By midmorning Sept. 11, New York City Police Commissioner Bernard Kerik has recalled, he realized his city had suffered an aerial attack, "and I don't have an air force." Someone had to close down the airspace over New York. "We have to call for air support," he thought, "and you know, is there a number to do that?"
Strategists at the Pentagon have known a long time that urban warfare would be central to 21st-century battles. What they weren't prepared for was to chart them over the Atlantic Seaboard of the United States.
When it became clear that New York City was under terrorist attack, commanders meeting in the Pentagon began giving orders for a military response even as American Airlines Flight 77 slammed into their building. By 9:25 the FAA consulting with the Pentagon banned all takeoffs and ordered the airspace over the United States closed. "When it became clear what the threat was, we did scramble fighter aircraft, AWACS, radar aircraft, and tanker aircraft to begin to establish orbits in case other aircraft showed up," said Gen. Richard Myers, chairman of the Joint Chiefs of Staff.
Those patrols continued between New York and Washington for weeks after the attack. Aiding U.S. air forces were British AWACS operators and other NATO forces in the alliance's first joint defense of the continental United States.
Joint warfighting and agility in the skies are critical to fighting over urban areas. Why they are increasingly important isn't only about Sept. 11. It's also a matter of simple demographics. Virtually all the population growth expected in the next 20 years will take place in urban centers. Nearly 2 billion people will be added to the developing world by 2030. In 1990 cities with populations between 1 million and 10 million numbered 270. By 2015 they will number 516. Thriving in those conditions are the kinds of young, discontented men who turned up in al-Qaeda terrorist camps.
The haphazard growth patterns that will rule in these cities pose a threat to fighting forces. The slums of Karachi or New Delhi or Cairo are uncharted sprawl with no connection to traditional infrastructures, and no blueprints. Their mapless density increases the risks for U.S. forces, who are more and more dependent on remote target sensing and satellite images. Even within established gridlines accuracy is crucial, as U.S. fighters found when they mistakenly bombed the Chinese embassy in Belgrade during the war against Yugoslavia.
Recent history teaches the importance of being able to maneuver above and within cityscapes. In the last decade U.S. forces were notably engaged in Kuwait City, Mogadishu, Panama City, Port-au-Prince, and-most recently-the Afghan cities of Mazar-i-Sharif and Kabul.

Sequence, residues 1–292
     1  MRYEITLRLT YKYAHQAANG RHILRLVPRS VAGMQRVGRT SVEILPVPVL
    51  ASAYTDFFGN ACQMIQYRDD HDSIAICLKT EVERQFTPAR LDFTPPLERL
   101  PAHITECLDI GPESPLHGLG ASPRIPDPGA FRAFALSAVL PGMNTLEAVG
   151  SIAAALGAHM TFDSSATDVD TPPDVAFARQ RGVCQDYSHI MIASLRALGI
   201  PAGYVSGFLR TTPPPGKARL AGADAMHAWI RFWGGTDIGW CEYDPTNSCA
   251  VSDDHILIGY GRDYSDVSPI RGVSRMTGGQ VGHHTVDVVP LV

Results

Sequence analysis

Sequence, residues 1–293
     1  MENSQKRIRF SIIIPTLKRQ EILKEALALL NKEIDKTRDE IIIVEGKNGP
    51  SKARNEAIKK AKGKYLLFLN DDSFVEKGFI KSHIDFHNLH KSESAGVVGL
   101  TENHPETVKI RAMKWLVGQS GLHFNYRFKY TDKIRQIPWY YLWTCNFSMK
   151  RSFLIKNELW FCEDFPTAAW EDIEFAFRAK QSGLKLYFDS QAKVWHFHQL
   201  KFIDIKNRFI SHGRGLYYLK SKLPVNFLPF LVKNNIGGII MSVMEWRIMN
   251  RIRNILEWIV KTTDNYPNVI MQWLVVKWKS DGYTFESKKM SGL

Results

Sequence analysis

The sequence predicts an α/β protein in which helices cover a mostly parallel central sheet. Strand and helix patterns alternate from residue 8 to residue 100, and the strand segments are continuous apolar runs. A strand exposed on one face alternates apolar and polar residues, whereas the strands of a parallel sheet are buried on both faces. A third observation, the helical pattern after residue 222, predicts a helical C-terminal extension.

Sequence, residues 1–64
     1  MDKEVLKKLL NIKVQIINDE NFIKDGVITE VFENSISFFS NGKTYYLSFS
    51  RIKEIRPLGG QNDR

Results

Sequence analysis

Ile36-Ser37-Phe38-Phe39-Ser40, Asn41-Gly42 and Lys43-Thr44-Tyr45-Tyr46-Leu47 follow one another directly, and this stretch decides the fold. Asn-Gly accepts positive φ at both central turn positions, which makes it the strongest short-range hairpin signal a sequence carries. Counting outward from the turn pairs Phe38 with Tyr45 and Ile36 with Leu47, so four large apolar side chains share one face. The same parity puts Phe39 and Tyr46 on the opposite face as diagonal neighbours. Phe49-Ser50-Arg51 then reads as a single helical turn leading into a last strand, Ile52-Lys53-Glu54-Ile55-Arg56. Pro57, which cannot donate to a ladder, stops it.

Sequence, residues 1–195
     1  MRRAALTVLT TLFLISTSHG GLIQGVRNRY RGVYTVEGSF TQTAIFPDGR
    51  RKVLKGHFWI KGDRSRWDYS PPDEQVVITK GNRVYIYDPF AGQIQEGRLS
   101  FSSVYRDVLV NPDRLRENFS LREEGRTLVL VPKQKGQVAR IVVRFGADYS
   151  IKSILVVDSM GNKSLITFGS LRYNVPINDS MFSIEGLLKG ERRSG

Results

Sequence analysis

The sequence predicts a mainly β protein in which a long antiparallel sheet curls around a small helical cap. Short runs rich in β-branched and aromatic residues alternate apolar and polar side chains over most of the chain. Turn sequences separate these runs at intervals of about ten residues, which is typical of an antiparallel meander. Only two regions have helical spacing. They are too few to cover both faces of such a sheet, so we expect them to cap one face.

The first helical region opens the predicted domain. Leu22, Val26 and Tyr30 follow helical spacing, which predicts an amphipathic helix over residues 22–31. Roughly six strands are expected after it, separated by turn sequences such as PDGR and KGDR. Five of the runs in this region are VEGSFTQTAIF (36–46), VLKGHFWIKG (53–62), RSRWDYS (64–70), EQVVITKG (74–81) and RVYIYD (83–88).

Eighteen U.S. Marines at the mercy of slumlords in Somalia's capital, Mogadishu, perished when what began as a relief operation descended into urban combat in 1993. For U.S. forces it was an important lesson: Operations that look like humanitarian projects or rescue can quickly deteriorate into full-pitch battle.
It also taught U.S. forces that urban warfare is not three-dimensional but five. They have to pay attention to the man-made surfaces like rooftops and alleyways-what strategists call "supersurface"-and the subterranean levels of city battlegrounds. In the war on terrorism, strategists expect increasingly that ground troops and air forces will face unconventional foes in cities that have these modern features but are at the same time and in some ways more primitive.
Fighters know they cannot destroy the city in order to save it. Surgical strikes in Baghdad during the Gulf War, says Air Force Capt. Troy Thomas, proved that air power, properly executed, can reduce civilian casualties and collateral damage. New gadgets aren't as likely to hone those skills as will better intelligence and carefully crafted rules of engagement.
Anticipating that those skills will be called into use soon, U.S. Marines launched Project Metropolis late last year. Strategists hope to improve reconnaissance tactics, sneaking troops into Mogadishu, for example, to train and collect intelligence without detection. Under the project, Marines are trying out new tactics in U.S. cities: Little Rock, Ark.; Chicago; and Boise, Idaho. This has the advantage of practicing domestic security and coordination with local law enforcement while practicing new warfighting techniques. Other forces may soon join Project Metropolis.
At the Marine Corps Warfighting Laboratory in Quantico, Va., retired officers were brought in after Sept. 11 to strategize alongside active-duty counterparts. The Marine Corps has already made changes in its cold-weather training program as a result of war games acted out with Afghanistan in mind. The group also looks at war scenarios in hot urban climates like the Philippines. Longer-term strategies for the war on terrorism are tested under Project O'Bannon, named for a noted 19th-century Marine who fought Barbary pirates.
Armed forces even now are proving their adaptability on the battlefield against 21st-century pirates. Information transported to a fighter crew via floppy disk during the Gulf War is now downloaded straight to the cockpit and can be updated minute by minute. Targeting may come from the screen or a lone spotter on the ground.
Combat experience is providing soldiers daily opportunities to extemporize. U.S. Special Forces Sgt. Matt Linehart took to the hills in Afghanistan on a horse with a wooden saddle, packing a satellite phone, GPS receiver, laser designator, night-vision goggles, and an M-16. He called in repeated rounds of successful airstrikes and then called in a list of resupplies: ammo, oats, Vaseline-and a leather saddle.